Later in life, and inspired by the last half of Psalm 98, Watts penned the beloved Christmas carol “Joy to the World” (1719). Watts transformed the old Jewish psalm of praise for historic deliverance, into a song of rejoicing for the salvation of God that began when Jesus came `to make his blessing flow far as the curse is found.’

The music is by an unknown composer using fragments from George Frederick Handel, some scholars say it resembles Handel’s greatest work, “Messiah.”

            Watts’ “Joy to the World” is simple and beautiful. However, the LDS version is different with some words and phrases added/repeated by William W. Phelps (1792-1872) with music by George F. Handel (1685-1759). This version brings rejoicing for the birth of Christ, and it brings joy to my heart.

Joy to the world, the Lord is come; Let earth receive her King!
Let ev’ry heart prepare him room,
And Saints and angels sing, And Saints and angels sing,
And Saints, and Saints and angels sing.

Rejoice! Rejoice when Jesus reigns, And Saints their songs employ,
While fields and floods, rocks, hills, and plains
Repeat the sounding joy, Repeat the sounding joy,
Repeat, repeat the sounding joy.

No more will sin and sorrow grow, Nor thorns infest the ground;
He’ll come and make the blessings flow
Far as the curse was found, Far as the curse was found,
Far as, far as the curse was found.

Rejoice! Rejoice in the Most High, While Israel spreads abroad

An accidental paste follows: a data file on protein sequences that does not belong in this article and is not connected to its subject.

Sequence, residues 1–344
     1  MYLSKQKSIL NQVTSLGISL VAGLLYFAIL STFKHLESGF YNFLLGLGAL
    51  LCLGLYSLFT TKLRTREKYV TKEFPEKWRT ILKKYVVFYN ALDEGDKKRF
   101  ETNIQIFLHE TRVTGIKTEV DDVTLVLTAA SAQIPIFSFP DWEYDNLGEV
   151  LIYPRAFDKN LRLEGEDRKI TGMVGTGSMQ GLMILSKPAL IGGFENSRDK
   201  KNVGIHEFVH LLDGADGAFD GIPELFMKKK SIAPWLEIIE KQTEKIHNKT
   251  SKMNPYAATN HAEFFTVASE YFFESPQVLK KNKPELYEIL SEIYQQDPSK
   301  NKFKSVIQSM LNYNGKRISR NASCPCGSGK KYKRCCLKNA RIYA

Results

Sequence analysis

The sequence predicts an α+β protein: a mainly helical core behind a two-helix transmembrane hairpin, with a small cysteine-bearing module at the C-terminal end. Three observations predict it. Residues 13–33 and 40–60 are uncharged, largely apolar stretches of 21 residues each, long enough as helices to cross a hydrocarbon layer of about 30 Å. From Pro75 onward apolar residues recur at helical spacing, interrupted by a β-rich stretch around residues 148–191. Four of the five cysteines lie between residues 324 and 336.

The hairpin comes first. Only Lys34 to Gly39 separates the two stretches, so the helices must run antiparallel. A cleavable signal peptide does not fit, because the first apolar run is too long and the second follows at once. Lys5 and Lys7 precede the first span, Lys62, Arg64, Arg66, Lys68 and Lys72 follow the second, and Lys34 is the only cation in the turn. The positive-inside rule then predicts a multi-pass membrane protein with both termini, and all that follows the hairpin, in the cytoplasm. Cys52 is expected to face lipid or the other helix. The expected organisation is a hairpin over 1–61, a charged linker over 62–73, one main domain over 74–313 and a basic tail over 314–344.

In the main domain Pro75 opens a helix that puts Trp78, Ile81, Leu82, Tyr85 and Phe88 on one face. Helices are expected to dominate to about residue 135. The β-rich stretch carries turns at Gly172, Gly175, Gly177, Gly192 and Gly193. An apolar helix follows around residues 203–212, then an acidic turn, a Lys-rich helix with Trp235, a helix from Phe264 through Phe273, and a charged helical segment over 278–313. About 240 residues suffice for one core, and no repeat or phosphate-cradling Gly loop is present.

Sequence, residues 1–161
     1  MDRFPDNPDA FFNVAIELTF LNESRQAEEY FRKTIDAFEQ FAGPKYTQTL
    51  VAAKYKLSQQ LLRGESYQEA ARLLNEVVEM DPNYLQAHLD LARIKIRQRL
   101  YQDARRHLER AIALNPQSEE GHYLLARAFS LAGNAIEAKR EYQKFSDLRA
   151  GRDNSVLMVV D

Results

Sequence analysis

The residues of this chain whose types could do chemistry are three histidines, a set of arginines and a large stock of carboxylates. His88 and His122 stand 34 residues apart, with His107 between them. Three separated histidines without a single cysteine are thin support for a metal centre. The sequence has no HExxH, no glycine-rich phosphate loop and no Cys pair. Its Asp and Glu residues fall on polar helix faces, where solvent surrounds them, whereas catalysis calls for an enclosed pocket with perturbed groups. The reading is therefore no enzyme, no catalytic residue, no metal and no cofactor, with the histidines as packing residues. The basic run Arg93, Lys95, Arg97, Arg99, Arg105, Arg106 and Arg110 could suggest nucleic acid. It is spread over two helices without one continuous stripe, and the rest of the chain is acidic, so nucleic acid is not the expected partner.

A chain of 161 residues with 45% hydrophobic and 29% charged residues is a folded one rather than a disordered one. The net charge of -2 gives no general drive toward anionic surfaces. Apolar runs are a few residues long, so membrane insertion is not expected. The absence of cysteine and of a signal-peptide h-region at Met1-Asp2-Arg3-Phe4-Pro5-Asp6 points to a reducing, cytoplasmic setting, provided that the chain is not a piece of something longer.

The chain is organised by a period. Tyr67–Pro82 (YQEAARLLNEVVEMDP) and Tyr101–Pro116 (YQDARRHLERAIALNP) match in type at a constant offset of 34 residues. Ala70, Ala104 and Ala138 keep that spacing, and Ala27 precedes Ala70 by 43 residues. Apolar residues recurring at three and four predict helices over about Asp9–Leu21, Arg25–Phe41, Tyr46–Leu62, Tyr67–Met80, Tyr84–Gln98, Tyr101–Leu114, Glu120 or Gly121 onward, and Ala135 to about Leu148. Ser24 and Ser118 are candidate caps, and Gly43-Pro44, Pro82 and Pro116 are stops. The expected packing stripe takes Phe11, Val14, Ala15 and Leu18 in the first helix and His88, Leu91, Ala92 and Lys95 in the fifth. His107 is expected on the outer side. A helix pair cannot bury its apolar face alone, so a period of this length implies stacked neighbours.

Like stars that glitter in the sky,
And ever worship God, And ever worship God,

And ever, and ever worship God.

Monday, December 11, 2017

William Shakespeare

            The actual birthdate of William Shakespeare is unknown but is observed on April 23, 1564. It is known that he was born in Stratford-upon Avon, United Kingdom, and baptized there on April 26, 1564. His father was John Shakespeare, an alderman and a successful glover, and Mary Arden, the daughter of an affluent landowning farmer. He was the third of eight children and the first son to survive.

            According to most biographers, Shakespeare was most likely educated at the King’s New School in Stratford that was located less than half a mile from his home. His school most likely “provided an intensive education in grammar based upon Latin classical authors.”

            Shakespeare married Anne Hathaway in November 1582 when he was 18 years old and she was 26. The couple became the parents of three children: a daughter named Susanna in 1585 and twin son and daughter, Hamnet and Judith in 1596. Hamnet died at age of 11 from unknown causes.

            There is little known of Shakespeare until 1592 when he entered the London theatre scene. Sometime between the birth of the twins and 1592, “he began a successful career in London as an actor, writer, and part-owner of a playing company called the Lord Chamberlain’s Men, later known as the King’s Men.”

Shakespeare produced most of his known work between 1589 and 1613. His early plays were primarily comedies and histories, which are regarded as some of the best work ever produced in these genres. He then wrote mainly tragedies until about 1608, including Hamlet, Othello, King Lear and Macbeth, considered some of the finest works in the English language. In his last phase he wrote tragicomedies, also known as romances and collaborated with other playwrights.

            Shakespeare became a poet, playwright and actor. He is “widely regarded as the greatest writer in the English language and the world’s pre-eminent dramatist. He is often called England’s national poet and the `Bard of Avon’.”